- One recent change is that, these days, I’m trying to eat around 1 gram of protein per pound of ideal body weight, which for me means eating 145 grams of high quality protein per day (except, of course, on fasting days, when I don’t eat any food). (Bear in mind that this includes protein from both plant and animal sources.) By another commonly cited standard — 1 gram of protein per centimeter of height — I should be eating 180 grams of protein per day.
- I raised it to the current level partly because of some recent studies suggesting that 1 gram per pound is ideal; partly because I’m working out a lot and need both protein and leucine to build muscle, support my immune system and prevent a relapse into sarcopenia; and because every time I’ve tried following a lower protein, more plant-based diet, I’ve lost muscle, looked and felt older, and gotten more prone to getting sick.
- For more details about what I eat and why, see this page.
Protein, mTOR and AMPK
- Some anti-aging doctors or researchers, such as Dr. Valter Longo and Dr. David Sinclair, would say I’m eating too much protein or too many animal-based foods.
- They could turn out to be right. Or, they could be completely wrong. Others in the field, such as Dr. Peter Attia, Dr. Ted Naiman and Dr. Gabrielle Lyon, would view my diet as about right, or might even suggest that due to my age (69) I should increase the protein even more.
- I’m aware that animal foods are more likely to activate mTOR, but I’m not worried about it. For one thing, I don’t view mTOR as “bad”. Cutting mTOR activation to the bone and pushing AMPK activation full is one path to longevity, at least in animals, but it’s not the only path. Nor is it safe to go too far in that direction. We need some mTOR activation or we’ll die.
- On the other hand, I’m not “all about mTOR” either. I also see the value of activating AMPK, so I activate it daily through fasting till noon, and do the 36 hour water fasts every Sunday (from Saturday night till Monday morning).
- Interestingly, some of the most promising anti-aging interventions, such as taking GlyNAC (a combination of NAC and glycine) to raise glutathione, or taking AKG as either CaAKG or AAKG, show clear effectiveness at increasing lifespan regardless of their effect on AMPK. Some anti-aging nostrums work by activating AMPK, but some do not fit neatly into that box.
Finding A Balance
AMPK and mTOR are two metabolic pathways at the heart of our metabolism, and in my opinion are important to any anti-aging protocol. This doesn’t mean we all need to approach them in the same way.
- AMPK is the longevity pathway. We can activate it by fasting, making changes in our diets (such as eating more plants and less animal protein), or taking supplements or medications.
- mTOR is the growth pathway. Research suggests it should be activated periodically just enough to support muscle growth and immune health. Muscle growth is good, but we don’t want all of our life energy to go into growth at the expense of longevity. We can activate it by eating high-protein animal-based meals.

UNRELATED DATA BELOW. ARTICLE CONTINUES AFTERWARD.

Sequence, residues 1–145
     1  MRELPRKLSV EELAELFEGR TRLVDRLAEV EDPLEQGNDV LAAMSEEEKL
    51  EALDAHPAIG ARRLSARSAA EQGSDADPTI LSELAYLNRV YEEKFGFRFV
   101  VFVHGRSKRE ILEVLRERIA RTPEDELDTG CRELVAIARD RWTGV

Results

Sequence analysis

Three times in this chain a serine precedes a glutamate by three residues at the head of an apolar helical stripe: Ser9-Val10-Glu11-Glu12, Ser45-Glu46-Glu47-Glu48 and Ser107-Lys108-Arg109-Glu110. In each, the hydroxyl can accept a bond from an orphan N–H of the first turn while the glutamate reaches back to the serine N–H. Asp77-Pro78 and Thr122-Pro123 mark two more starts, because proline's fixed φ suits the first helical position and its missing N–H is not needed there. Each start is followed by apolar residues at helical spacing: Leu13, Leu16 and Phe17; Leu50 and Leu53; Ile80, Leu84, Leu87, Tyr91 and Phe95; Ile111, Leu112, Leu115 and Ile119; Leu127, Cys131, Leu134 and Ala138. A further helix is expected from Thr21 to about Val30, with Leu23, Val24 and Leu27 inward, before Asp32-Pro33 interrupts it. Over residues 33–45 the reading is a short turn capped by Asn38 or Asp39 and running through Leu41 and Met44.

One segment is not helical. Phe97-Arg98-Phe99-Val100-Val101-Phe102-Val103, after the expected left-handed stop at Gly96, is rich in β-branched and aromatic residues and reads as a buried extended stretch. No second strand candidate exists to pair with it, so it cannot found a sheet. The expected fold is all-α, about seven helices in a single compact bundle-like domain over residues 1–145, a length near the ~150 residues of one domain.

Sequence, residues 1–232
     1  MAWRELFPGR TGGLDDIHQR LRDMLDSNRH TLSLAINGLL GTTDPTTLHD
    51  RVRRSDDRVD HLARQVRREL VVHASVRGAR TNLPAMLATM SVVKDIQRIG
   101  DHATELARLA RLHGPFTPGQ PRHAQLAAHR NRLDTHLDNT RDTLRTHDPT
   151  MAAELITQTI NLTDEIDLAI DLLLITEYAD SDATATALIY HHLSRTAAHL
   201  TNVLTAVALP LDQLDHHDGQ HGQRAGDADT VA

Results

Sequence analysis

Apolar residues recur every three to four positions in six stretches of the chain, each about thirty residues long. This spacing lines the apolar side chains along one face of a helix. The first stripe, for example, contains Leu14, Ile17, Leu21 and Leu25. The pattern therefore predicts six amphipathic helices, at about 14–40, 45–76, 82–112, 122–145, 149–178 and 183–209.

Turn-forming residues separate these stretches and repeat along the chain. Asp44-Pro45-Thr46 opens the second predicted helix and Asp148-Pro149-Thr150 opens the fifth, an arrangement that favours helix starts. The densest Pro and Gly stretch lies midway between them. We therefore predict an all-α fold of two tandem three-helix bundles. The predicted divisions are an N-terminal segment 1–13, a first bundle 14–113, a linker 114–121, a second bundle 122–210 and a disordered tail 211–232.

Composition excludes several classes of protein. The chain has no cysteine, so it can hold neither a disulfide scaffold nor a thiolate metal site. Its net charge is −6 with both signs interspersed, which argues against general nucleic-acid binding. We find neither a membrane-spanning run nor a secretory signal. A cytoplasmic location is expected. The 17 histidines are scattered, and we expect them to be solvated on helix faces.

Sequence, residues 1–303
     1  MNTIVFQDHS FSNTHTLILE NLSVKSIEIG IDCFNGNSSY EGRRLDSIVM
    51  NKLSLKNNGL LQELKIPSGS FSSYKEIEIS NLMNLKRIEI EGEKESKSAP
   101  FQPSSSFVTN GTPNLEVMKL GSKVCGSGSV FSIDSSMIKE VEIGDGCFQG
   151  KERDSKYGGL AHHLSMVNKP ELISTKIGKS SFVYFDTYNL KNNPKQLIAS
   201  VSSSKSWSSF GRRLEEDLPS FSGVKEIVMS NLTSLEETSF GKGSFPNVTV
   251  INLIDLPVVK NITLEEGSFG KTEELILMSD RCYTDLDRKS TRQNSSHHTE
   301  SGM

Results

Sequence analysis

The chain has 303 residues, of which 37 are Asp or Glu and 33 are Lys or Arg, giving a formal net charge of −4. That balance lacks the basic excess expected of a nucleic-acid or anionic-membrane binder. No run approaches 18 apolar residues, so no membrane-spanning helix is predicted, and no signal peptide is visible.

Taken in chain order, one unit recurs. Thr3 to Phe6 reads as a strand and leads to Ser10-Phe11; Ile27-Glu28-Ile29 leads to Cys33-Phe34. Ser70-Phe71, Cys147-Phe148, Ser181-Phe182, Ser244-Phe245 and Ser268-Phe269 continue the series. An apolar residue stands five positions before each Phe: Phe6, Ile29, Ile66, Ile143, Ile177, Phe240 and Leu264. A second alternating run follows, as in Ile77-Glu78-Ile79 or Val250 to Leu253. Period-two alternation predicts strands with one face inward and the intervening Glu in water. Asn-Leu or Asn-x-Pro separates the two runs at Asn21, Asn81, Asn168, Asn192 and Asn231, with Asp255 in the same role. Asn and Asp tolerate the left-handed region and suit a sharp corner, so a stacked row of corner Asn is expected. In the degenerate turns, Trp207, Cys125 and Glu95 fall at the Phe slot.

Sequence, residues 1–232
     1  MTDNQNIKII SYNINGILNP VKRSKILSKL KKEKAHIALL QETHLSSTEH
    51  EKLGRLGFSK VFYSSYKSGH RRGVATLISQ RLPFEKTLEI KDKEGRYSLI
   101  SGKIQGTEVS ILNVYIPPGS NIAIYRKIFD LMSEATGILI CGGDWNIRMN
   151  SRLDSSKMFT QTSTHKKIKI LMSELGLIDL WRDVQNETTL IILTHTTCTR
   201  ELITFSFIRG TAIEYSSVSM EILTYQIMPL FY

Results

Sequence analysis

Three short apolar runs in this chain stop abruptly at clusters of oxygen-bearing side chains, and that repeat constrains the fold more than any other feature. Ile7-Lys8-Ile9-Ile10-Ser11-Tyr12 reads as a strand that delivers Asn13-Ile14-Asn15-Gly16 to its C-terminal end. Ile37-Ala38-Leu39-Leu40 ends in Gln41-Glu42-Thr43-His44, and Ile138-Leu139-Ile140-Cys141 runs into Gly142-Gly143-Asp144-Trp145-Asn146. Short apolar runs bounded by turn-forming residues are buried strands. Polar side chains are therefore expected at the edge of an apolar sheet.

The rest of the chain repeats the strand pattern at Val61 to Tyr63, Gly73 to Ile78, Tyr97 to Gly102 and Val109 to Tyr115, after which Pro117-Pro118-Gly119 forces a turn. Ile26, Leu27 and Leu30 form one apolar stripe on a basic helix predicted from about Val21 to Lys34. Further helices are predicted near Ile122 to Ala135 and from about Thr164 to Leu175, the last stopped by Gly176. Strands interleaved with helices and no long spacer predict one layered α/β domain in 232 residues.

- We need some mTOR activation to maintain and build muscle mass as we age, prevent sarcopenia, and support our immune systems. But hundreds of animal studies have shown that animals of all species live longer if AMPK is activated most of the time.
- We can move between AMPK and mTOR activation by the use of exercise, fasting, and the foods we eat. Some people try to only activate AMPK by eating low protein, or low leucine, most of the time. Others try to only activate mTOR by eating huge amounts of protein or leucine, and not doing any fasting. What I’m trying to do in my protocol is to find a balance.
- More About balancing AMPK and mTOR
When I say “supplements”, I’m not talking about vitamins and minerals; I get those largely from food. I’m talking about taking herbs and other nutrients that may help slow or reverse the aging process. I take supplements most days, but don’t take any on Sunday (my fasting day).
- I buy over forty different anti-aging supplements, including NAD+ boosters, hGH boosters, AKG boosters, testosterone boosters, glutathione boosters and more. (However, I don’t take them all every day.)
- I’m not saying you have to take as many as I do, but in my opinion, the ones I take have made a difference in my health and are a key part of my anti-aging program.
- Some include vitamins and minerals; some contain herbs; some are other compounds that have helped restore my levels of glutathione, testosterone, NAD+, and other important compounds to those found in young adults.
Activating My Sirtuin Genes
- Anti-aging genes are also called sirtuins.
- Going on low-protein or low-leucine diets is one way of activating the sirtuins. (They sense that protein is low, conclude that food is scarce and it’s a survival situation, and switch on).
- But it’s not the only way to activate them. We can also activate them with hormetic stressors like heat and cold exposure. Keeping the house cool (65 degrees or less) or taking cold showers can activate cold shock proteins, Taking saunas or hot baths can switch on heat shock proteins. Both heat and cold exposure appear to have benefits for longevity.
- I take contrast showers (alternating between hot and cold, ending on several minutes of cold) to alternate my sirtuin genes three days a week. I also take NMN, resveratrol and SIRT6 Activator along with my NAD boosters to activate the SIRT1 and SIRT6 genes, which are associated with an increase in health and longevity
How It’s Going
- Things are going well all in all. I’m happy with the results of my current protocol.
- Physically I’m in good health. I have good energy, and feel younger than I did twenty years ago.
- I don’t have huge muscles, but I’ve reversed my slide into sarcopenia and am actively building muscle. My muscles are growing very fast at the moment, partly because I’ve increase my intake of the testosterone-boosting supplements.
- I don’t have joint aches or pains. My eyesight’s fine. My mind is sharp and clear. I had short term memory problems at a couple of decades ago, but they’re all fixed; my memory is fine these days.
- Physically, I feel pretty much like I did when I was in my 30s and 40s, except that I have more energy than I did in those days.
- I see these changes as a reflection on how the body can change in a short time if we’re eating a healthy diet, fasting, exercising, and taking some key anti-aging supplements.
- While I’m in good health in most regards, I have made one concession to being 69 years old, which is to minimize driving on the freeway. I have found that my reaction time has slowed a bit over the past couple of years. I just don’t feel as comfortable roaring around at 70-75 mph on rainy nights in heavy traffic as I used to. I’m hoping to improve my reaction time, but till I’m sure it’s better, I’m spending less time on freeway driving.
More Info About:
How About You?
- I’d love to hear about your protocol and your results. Feel free to describe it in the comments section below.